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Of all the problems related to the environment and the finite nature of natural resources, the one which I think has some possibilities to be solved is that of energy.
I'm no expert, but science news maazines are buzzing with updates on new developments that make up a family of possibilities that in the coming years could begin to provide alternative sources of efficient and economically viable energy . I do not think we will see the sudden emergence of a solution to the world's energy problems, for example, the news that a fusion reactor has begun to operate. Rather, I foresee a gradual emergence of new technologies that will be applied in different areas and that will rely less and less on fossil fuels.
I would like to discuss some technologies that I find particularly interesting or, whay not, fun. In several years, we will see how many of these and which new ones are in use.
Biofuels are part of the standard chain of energy production, but they pose some risks because they use plants and crops that normally would be used for food. Algae have several advantages: they grow faster than land plants, have a high triglyceride content and can grow in areas and conditions under which they do not compete with food production (1).
It is difficult to predict when algae biofuel will be commercially available, but the United States Navy has conducted tests with positive results (2). One study, however, questions the possibility of obtaining fuel from algae without environmental costs (3). Let's wait and see.
Integral Fast Reactors
Like many others, I met this idea in an article by George Monbiot (4). integral fast reactors are nuclear power stations which can run on what old nuclear plants have left behind. Conventional nuclear power uses just 0.6% of the energy contained in the uranium that fuels it. Integral fast reactors can use almost all the rest. Too good to be true? Why there are no integral fast reactors out there? There are few news on integral fast reactors, although GE Hitachi Nuclear Energy has proposed to the U.K. government to build an advanced nuclear reactor that would consume the country’s stockpile of surplus plutonium using a technology called PRISM (5). you have more information, I please comment on this possibility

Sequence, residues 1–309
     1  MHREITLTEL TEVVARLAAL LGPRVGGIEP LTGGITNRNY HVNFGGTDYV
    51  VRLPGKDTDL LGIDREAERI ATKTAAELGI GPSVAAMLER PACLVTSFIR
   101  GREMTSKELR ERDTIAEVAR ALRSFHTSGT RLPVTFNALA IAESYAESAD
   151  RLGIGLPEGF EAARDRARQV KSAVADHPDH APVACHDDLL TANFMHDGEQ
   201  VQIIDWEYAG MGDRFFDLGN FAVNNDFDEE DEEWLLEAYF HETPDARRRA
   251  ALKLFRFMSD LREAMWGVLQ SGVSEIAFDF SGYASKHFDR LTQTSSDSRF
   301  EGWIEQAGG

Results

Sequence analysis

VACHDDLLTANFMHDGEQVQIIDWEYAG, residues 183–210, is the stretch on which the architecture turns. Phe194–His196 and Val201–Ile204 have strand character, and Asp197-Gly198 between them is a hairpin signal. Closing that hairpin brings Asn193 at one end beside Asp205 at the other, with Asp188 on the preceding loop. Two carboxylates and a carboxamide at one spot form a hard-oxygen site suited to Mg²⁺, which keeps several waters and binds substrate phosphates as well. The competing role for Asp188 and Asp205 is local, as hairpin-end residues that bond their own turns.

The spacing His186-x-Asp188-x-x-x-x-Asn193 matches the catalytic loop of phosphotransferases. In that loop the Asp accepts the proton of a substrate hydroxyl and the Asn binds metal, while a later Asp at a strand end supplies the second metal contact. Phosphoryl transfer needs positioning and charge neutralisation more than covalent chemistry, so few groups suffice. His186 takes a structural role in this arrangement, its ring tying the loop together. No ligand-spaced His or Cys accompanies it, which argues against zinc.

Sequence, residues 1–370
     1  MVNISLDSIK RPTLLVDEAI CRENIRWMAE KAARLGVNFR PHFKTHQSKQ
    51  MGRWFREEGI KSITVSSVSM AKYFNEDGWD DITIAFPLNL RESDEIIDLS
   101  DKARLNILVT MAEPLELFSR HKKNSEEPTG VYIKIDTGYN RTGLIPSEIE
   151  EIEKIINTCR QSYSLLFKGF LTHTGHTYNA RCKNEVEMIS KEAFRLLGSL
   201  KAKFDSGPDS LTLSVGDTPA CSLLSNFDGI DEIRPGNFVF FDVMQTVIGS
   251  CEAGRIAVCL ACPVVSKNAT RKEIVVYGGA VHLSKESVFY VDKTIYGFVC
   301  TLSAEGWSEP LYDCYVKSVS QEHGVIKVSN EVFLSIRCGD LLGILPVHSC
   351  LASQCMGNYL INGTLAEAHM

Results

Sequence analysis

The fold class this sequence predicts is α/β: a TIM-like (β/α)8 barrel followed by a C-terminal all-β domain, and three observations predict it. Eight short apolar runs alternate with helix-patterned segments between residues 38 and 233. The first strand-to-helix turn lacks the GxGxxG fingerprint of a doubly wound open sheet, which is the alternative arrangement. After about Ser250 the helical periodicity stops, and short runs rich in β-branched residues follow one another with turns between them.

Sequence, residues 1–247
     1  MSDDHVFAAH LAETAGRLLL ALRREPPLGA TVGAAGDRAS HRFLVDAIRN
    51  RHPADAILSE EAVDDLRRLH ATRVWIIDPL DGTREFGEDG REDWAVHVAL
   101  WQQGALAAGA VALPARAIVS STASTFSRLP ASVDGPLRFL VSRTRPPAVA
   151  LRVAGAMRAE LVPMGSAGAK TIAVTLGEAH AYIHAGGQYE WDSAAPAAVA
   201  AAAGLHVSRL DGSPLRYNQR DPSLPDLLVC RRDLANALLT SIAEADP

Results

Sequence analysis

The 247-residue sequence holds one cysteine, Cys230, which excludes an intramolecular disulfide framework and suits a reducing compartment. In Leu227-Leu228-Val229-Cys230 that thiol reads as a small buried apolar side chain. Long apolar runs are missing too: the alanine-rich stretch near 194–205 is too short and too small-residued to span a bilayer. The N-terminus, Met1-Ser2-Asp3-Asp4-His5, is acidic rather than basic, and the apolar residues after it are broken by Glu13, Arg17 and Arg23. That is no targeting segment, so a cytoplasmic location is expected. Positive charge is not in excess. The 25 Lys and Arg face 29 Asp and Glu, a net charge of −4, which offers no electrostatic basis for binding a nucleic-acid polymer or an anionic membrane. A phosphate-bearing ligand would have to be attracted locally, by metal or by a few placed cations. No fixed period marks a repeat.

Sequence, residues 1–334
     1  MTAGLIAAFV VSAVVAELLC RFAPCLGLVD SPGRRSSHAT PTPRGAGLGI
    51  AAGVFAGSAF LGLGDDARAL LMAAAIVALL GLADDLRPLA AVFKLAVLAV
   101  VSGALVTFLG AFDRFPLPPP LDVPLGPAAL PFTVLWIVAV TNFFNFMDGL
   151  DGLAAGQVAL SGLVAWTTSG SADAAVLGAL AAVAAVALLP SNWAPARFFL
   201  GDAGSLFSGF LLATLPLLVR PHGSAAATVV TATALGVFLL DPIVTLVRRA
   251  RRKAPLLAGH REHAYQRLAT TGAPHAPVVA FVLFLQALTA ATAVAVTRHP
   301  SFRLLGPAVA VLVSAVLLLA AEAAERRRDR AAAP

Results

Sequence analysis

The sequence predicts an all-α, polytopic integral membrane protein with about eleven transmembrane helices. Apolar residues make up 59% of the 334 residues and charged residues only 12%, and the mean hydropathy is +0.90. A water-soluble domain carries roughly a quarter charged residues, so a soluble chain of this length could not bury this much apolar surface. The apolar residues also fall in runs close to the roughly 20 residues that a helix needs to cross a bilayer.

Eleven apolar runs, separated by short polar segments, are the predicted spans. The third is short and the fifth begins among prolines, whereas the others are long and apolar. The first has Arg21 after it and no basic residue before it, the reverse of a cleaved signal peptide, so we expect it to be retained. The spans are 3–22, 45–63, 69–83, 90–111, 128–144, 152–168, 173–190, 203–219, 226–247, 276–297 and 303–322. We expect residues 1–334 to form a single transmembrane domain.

Slowly, it makes progress. Just some quick comments on some developments that I find particularly interesting:
- A team of researchers at the University of Notre Dame has made a major advance toward this vision by creating an inexpensive "solar paint" that uses semiconducting nanoparticles to produce energy (6).
- A new class of transparent photovoltaic cells has been developed that can turn an ordinary windowpane into a solar panel without impeding the passage of visible light (7).
- Researchers from MIT have produced something they’re calling an “artificial leaf”: Like living leaves, the device can turn the energy of sunlight directly into a chemical fuel that can be stored and used later as an energy source. (8).
At least in this area, we can expect an interesting future!!
- Algae for your fuel tank: New process for producing biodiesel from microalgae oil. Physorg.com, 10 de gener de 2012.
- John Vidal, Cargo boat and US navy ship powered by algal oil in marine fuel trials. The Guardian, 13 de gener de 2012.
- Economics, physics are roadblocks for mass-scale algae biodiesel production, study finds. News Services, 5 d'abril de 2011.
- George Monbiot, A Waste of Waste, December 5, 2011.
- GE-Hitachi Proposes to Burn U.K. Plutonium Stockpile. theenergycollective, 22 de desembre de 2011.
- Paint-On Solar Cells Developed. ScienceDaily, 21 de desembre de 2011.
- Transparent Photovoltaic Cells Turn Windows Into Solar Panels. The New Yorl Times, 18 de gener de 2012.
- Artificial leaf' makes fuel from sunlight. Physorg, 30 de setembre de 2011.